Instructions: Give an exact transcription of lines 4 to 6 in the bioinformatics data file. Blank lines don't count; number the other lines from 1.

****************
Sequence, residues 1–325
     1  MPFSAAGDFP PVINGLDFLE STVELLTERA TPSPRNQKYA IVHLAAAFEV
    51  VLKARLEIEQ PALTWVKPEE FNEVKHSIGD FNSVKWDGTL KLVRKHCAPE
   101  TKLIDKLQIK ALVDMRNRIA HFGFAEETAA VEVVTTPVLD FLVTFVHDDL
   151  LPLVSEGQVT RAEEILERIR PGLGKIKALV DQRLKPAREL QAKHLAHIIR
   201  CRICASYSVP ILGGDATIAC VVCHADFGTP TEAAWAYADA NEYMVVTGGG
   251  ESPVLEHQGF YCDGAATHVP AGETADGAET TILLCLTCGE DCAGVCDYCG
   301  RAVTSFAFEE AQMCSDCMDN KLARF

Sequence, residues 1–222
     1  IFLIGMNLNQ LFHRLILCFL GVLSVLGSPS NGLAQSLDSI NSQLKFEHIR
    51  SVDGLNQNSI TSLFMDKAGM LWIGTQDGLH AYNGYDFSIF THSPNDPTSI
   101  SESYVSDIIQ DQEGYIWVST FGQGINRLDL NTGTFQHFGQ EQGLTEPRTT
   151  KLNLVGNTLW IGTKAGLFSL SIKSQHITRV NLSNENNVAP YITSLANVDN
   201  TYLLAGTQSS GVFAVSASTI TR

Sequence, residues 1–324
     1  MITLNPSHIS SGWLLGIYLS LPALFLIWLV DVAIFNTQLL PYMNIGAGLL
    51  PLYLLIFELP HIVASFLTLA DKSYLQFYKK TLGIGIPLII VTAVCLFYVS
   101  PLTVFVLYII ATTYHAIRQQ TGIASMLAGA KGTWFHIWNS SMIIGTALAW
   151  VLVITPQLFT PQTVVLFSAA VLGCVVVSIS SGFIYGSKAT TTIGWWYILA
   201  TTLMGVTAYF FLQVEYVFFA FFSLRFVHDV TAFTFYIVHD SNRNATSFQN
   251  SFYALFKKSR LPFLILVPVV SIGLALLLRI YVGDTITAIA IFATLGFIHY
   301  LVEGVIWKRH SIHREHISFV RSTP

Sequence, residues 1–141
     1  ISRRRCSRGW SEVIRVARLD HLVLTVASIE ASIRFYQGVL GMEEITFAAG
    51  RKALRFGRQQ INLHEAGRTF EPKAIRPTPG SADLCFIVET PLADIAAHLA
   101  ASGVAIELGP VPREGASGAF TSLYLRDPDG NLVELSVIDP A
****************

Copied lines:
   101  TKLIDKLQIK ALVDMRNRIA HFGFAEETAA VEVVTTPVLD FLVTFVHDDL
   151  LPLVSEGQVT RAEEILERIR PGLGKIKALV DQRLKPAREL QAKHLAHIIR
   201  CRICASYSVP ILGGDATIAC VVCHADFGTP TEAAWAYADA NEYMVVTGGG